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Coronavirus safety: top tips for prevention, treatment, and easing symptoms during a quarantine

Learn about: Coronavirus prevention tips | Coronavirus treatment | Easing symptoms during a quarantine


Whether you’re experiencing symptoms, hunkered down in quarantine, or doing some last-minute shopping for supplies, the good news is we’re in this together—and can all do our part to help stop the spread of coronavirus and make this situation a little bit better. Knowledge is powerful, especially in times like this, so we’ve put together this list of top tips that can help keep you and other people safe during the pandemic.


Coronavirus prevention tips

Even if you aren’t feeling sick, these tips can help you, your loved ones, and your community stay safe:

  • Cover your sneeze or cough. Avoid coughing directly into your hands. Use a tissue or cough into your elbow. Discard used tissues immediately.
  • Wash your hands often. Routinely wash your hands with soap and water for at least 20 seconds, especially after sneezing, coughing, blowing your nose, and using the restroom—and before eating or preparing food. If you can’t conveniently access soap or you’re all out of it, use an alcohol-based hand sanitizer that contains at least 60% alcohol.
  • Keep a distance from and limit contact with other people. Self-quarantining and social distancing helps limit interaction with other people and helps prevent the spread of coronavirus. The CDC recommends maintaining at least 6 feet between yourself and anyone who’s coughing or sneezing.

If you are feeling sick and suspect COVID-19 (or “Coronavirus Disease 2019”) is to blame, take these precautions:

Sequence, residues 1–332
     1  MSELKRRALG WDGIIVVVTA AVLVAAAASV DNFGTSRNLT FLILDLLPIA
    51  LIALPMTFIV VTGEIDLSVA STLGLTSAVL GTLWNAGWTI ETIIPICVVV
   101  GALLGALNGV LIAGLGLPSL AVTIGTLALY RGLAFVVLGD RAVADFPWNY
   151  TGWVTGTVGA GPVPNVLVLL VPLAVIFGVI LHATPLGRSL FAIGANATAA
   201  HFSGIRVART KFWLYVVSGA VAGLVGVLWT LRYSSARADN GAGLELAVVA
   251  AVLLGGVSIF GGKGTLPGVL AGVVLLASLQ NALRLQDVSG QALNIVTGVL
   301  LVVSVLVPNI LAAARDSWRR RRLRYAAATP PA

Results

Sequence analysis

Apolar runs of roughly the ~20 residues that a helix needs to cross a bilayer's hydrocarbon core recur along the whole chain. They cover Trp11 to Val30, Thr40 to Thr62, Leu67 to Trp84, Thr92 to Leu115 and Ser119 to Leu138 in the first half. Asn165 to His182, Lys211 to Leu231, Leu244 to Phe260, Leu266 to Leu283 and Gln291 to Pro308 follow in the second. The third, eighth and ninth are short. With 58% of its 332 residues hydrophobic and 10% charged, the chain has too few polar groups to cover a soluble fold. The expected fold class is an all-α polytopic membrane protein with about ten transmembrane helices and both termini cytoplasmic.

• Stay home as much as possible—unless you need medical care. Avoid public areas and crowds, as well as public transportation, ride-sharing, and taxis.
  • Call ahead before visiting your healthcare provider. Healthcare providers are working hard to curb the spread of coronavirus. Calling ahead before you visit helps your healthcare provider take steps to keep other people safe and more effectively manage your symptoms.
  • Wear a facemask. If you’re sick, it’s best to wear a facemask if you need to temporarily break your self-isolation to see a healthcare provider.
  • Keep “high-touch” surfaces clean on a daily basis. Clean any “high-touch” surfaces in your home that may come in contact with bodily fluids, blood, or stool. High-touch surfaces include doorknobs, light switches, kitchen and table counters, toilets, phones, laptops, and bedside tables. Use household cleaning spray or wipes. Immediately remove and wash clothes or bedding that have bodily fluids, blood, or stool on them.
  • Don’t share personal items. Avoid sharing personal household items like dishes, cups, eating utensils, towels, or bedding.

Coronavirus treatment

How is COVID-19 (or “coronavirus disease 2019”) treated?

  • Treatment currently focuses on managing symptoms and protecting your family and community through self-quarantine. Not all patients with COVID-19 will require medical attention, and most people recover within 2 weeks without any specific treatment. But hospitalization can be required for severe cases. (Older adults and people with chronic medical conditions like heart disease, diabetes, or lung disease are at a higher risk of getting very sick from this virus.)